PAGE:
Worldwide Appeal

I woke up this morning thinking, ‘I’ll bet Nigella Lawson’s eyebrows are dark like that so that her face is more palatable to the audience in Japan.’ Never mind the use of palatable to describe the face of someone who cooks food for people who will never eat it, I probably really meant identifiable and the rest of this idea is pretty spot on. The very dark, very neat, marginally artificial brow is common on the faces of chic Japanese women, and it makes sense that a show with a multinational audience would create commonalities with as many of those audiences as possible.
This idea was probably my mind farting during the nighttime digestion of Saturday’s main event: a Meet-The-Babies party with six families from our German antenatal class! There were 20 Germans in the flat Saturday afternoon (if you count Frida,) and only two Americans (if you count Frida.) I was a bit worried about the usual stuff before the party (is there enough food, is my child developmentally appropriate compared to her peers, did I remember to put a fresh hand towel in the bathroom, is my child developmentally ahead of her peers, do we have enough chairs, is my child developmentally ahead of her peers to the point of freakishness, etc.) Mind you, these worries were unfounded. There was tons of food, the hand towels started clean but had a difficult time standing up to a party of 14 adults who did a lot of diaper changes, and we didn’t have enough chairs but people were happy to take turns. Oh, and the baby is advanced in some areas and slower in others, just like every other baby in the room. What struck me was the lack of competitiveness from the other parents. When commenting on the babies, the parents would routinely say that they were ‘sweet’, which is universally true of babies, while I heard myself praising one for being especially tall, one for their big smile, another for their very cute sweater. I was saying what made each baby special and unique; the Germans seemed to take that for granted and to recognize that there were many more commonalities than differences. I was surprised by how ingrained my approach was: I’ve spent much more time with mathematics than with babies so far, but that doesn’t stop me from calling lots of babies the statistically-impossible ‘cutest’.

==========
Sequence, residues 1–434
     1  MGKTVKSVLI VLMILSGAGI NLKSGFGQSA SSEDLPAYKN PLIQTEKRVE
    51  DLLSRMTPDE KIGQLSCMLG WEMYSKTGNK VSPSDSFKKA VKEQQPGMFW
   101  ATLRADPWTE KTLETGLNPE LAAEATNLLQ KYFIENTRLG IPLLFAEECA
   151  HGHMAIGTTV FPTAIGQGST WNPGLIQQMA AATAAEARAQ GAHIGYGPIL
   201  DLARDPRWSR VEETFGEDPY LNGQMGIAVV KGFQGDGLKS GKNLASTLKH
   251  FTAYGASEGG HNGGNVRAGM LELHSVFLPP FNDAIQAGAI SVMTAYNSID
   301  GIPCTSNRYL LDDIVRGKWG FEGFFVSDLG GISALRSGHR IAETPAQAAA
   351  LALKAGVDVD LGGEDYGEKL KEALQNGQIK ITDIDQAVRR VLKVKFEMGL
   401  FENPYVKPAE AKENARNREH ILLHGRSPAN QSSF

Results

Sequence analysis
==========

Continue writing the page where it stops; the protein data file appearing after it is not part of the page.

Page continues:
Things that were different enough to make them be surprises:
-the layers that the other babies wear. Onesies, shirt, stockings, pants, sweater, socks, shoes, all-in-one overcoat, with a blanket on top. Granted, it is winter and they are walking home, but our little orchid was in just her shirt and diaper and she was warm.
-everyone breastfeeds, but no one else uses cloth diapers. See above re:competitiveness; I didn’t bring this up with any of the other parents because my love for the cloth diaper system is real but my description of it sounds awfully smug.
-everyone is very comfortable with the breastfeeding, and the moms feed the babies whenever and wherever they’re hungry. At one point I realized that the conversation that two of the dads were having about babies’ feeding behavior had turned into a play-by-play, ‘See? Frida’s searching, searching, searching, and then BLAM she’s got it.’ The ‘it’, of course, was my nipple, and the dads were not Frida’s. They were simply commenting on life’s little wonders, and could care less whose milk Frida was looking for. I tried to play it cool, but my milk supply gathered her skirts and fled. Once again, life in Europe shows me that I’m a bit of a prude.

But not too much of a prude to cook SPRINGBOK! The freezer was getting overrun with pregnancy-craving-driven impulse buys, including fish sticks, a kilo of kale, some shrimp filling for dumplings, and a jar of lemon curd that I keep mistaking for broccoli soup, so I defrosted the Springbok steaks that I’d sequestered sometime in the second trimester. Somewhat surprisingly, they were delicious! Very much like elk in flavor, and very tender. I sautéed them in a stupidly hot pan and served them with chimichurri sauce. Now I feel a bit like the Cat in the Hat because although there is a bit more room in the freezer, there are something like 38 servings of chimichurri sauce in the fridge.
Maybe it freezes well?

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